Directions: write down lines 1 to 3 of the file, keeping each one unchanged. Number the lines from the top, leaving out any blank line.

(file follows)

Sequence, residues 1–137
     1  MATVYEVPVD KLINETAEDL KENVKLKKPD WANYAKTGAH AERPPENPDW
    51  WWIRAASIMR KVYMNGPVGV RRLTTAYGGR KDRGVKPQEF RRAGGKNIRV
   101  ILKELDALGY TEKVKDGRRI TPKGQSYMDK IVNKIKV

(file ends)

Sequence, residues 1–137
     1  MATVYEVPVD KLINETAEDL KENVKLKKPD WANYAKTGAH AERPPENPDW
    51  WWIRAASIMR KVYMNGPVGV RRLTTAYGGR KDRGVKPQEF RRAGGKNIRV